We are in the middle of a war.
Not a specific war and not even a specific “we” — for most of its history, humanity has been fighting with or for something. It is a byproduct of civilization’s very existence. We fight against each other, on behalf of each other, and then we gather ourselves in victory or defeat, summoning strength for the next one.
Magnolia Pictures’ The Fight centers on four major civil rights cases, but also on this constant battle and the American Civil Liberties Union’s decision to take up its mantle — no matter who it has to defend.
Directed by Elyse Steinberg, Josh Kriegman, and Eli Despres, The Fight follows ACLU attorneys Brigitte Amiri, Lee Gelernt, Dale Ho, Joshua Block and Chase Strangio as they battle for reproductive rights, immigration rights, voter rights, and LGBTQ+ rights, respectively. These are just four of the over 130 cases filed against the Trump administration in its four years of power.
The clients include a transgender soldier, separated migrant families, a young woman who was raped and denied her constitutional abortion rights, and voters being targeted by a flawed system. The timelines vary, but each case carries immense weight in 2020.
Laid out side-by-side, these cases illustrate the constant uphill battle of civil rights in the Trump era. The administration makes a shocking decision like banning visitors from Muslim countries or removing transgender people from the military; then, after immediate backlash, they roll it back slightly — limiting which countries are banned, or allowing trans people to serve but not enlist. An overall rollback in civil liberties ends up feeling like a victory because things were almost worse.
Though The Fight follows issues with an overall progressive stance, the film does not hide the ACLU’s sometimes contentious stance of fighting for all legal rights, including those of the white nationalists whose 2017 march on Charlottesville led to the death of Heather Heyers. Defense attorneys, by profession, do not always represent clients whose ideology they support. But the ACLU does choose its clients from a wide pool of applicants. The organization’s credo is that everyone has legal rights, so hate speech is but a form of free speech.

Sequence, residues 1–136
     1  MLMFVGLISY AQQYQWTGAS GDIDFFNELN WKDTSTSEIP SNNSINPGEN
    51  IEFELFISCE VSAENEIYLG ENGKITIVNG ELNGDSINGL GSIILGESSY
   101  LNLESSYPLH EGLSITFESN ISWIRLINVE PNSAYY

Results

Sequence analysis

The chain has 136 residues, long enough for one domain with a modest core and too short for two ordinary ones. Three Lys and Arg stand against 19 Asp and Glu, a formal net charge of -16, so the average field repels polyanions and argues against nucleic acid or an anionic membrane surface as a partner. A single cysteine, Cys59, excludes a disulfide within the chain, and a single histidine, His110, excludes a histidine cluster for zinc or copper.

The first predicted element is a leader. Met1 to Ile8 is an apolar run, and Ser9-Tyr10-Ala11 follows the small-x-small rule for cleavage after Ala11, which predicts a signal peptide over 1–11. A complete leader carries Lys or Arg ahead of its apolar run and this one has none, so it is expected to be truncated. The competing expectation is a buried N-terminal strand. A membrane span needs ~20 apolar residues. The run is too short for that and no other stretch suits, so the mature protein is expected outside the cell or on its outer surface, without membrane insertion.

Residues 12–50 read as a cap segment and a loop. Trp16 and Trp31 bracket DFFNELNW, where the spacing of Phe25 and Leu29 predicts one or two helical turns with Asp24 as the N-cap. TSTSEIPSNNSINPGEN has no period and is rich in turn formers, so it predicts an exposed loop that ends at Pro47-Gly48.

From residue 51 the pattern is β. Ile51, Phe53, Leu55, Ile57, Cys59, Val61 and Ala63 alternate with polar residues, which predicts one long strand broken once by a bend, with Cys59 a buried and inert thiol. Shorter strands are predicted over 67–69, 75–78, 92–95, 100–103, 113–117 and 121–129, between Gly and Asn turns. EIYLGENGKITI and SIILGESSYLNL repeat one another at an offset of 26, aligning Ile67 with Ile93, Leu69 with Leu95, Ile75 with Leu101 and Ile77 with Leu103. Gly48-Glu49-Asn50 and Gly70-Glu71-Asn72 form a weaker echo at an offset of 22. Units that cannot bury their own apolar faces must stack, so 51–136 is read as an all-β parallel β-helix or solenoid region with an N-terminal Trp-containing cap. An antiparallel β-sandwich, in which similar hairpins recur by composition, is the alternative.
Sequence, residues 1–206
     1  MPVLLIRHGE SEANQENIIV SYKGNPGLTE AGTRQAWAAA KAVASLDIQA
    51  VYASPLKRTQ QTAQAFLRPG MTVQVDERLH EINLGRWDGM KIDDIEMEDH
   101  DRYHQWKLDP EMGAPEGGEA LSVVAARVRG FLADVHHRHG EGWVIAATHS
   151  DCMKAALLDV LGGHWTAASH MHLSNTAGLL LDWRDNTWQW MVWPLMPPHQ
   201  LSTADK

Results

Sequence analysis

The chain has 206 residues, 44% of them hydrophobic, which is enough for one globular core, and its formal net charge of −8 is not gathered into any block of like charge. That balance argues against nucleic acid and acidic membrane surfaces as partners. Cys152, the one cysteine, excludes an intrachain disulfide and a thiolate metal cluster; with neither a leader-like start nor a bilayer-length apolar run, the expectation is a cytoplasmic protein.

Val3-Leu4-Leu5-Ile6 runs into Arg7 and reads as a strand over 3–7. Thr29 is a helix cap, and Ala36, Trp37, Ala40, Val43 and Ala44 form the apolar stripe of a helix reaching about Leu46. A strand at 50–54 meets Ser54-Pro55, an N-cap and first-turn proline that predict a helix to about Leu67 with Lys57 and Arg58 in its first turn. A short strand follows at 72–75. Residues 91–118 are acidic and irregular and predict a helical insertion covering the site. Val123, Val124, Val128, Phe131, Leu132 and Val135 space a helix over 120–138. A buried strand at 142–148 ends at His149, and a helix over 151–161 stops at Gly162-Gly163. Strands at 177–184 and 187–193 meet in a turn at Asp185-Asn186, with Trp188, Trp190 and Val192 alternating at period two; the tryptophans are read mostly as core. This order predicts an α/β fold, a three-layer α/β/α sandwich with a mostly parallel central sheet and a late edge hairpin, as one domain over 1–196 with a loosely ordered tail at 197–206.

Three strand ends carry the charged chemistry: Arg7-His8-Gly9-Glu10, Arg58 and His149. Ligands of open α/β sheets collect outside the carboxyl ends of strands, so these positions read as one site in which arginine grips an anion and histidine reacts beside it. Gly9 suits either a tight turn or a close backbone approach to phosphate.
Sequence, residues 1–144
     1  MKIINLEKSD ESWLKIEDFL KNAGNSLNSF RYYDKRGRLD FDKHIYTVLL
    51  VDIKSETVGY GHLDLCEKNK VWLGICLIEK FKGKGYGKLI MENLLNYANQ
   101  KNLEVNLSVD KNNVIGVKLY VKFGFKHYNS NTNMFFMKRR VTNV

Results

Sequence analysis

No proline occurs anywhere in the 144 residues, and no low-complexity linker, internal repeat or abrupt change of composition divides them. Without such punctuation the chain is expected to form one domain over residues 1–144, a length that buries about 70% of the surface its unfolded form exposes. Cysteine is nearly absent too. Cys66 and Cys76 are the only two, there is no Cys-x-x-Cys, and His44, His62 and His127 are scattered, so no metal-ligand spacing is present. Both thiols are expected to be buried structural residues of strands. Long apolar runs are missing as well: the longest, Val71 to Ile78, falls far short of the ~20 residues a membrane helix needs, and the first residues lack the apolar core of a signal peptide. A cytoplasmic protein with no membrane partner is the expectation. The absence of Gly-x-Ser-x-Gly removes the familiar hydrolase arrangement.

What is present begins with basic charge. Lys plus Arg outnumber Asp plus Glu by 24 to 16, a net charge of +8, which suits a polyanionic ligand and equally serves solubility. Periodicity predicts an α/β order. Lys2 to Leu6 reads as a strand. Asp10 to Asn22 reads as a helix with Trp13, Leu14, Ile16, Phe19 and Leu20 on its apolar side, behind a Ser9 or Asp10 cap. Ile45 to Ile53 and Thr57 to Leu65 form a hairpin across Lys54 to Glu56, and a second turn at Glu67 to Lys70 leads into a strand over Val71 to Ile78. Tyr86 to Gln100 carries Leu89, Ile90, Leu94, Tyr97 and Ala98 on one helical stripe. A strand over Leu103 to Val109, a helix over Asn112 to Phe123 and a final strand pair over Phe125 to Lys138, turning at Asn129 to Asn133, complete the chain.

There is always someone to defend, a hill to crest, a chance to do better.
False equivalence has pervaded the Trump presidency, from his campaign announcement to whatever his latest tweet is. It’s tough as a viewer to treat every ideology equally when there is a clear faction inflicting or invoking harm against innocent people, when an administration openly and consistently rejects facts, experts, legal precedent, and the constitution of the United States.
The film mostly avoids reckoning with this, except in the Charlottesville case, which does not give a satisfying conclusion. The Fight hits differently as the nation enters its third month of protests and uprising following the deaths of George Floyd and too many others — and closes in on three months from a critical election in constant danger of being delegitimized. Advocacy and activism are more crucial than ever, yet their efficacy feels jeopardized. The conversations about Charlottesville feel inadequate and frustrating, but the outcomes of most of these cases provide some hope.
But that’s the thing about the fight: It’s never-ending. There is always someone to defend, a hill to crest, a chance to do better. There is always a reason to march, to amplify, to vote.
“We’re not going to be able to stop this thing,” Ho says toward the end of the film, after winning a case he briefly thought was lost. He’s referring to the machination at work, “the power of federal government and massive political vehicle” on Trump’s side. “It’s not going to be lawyers and courts. It’s going to be people who turn this ship around.”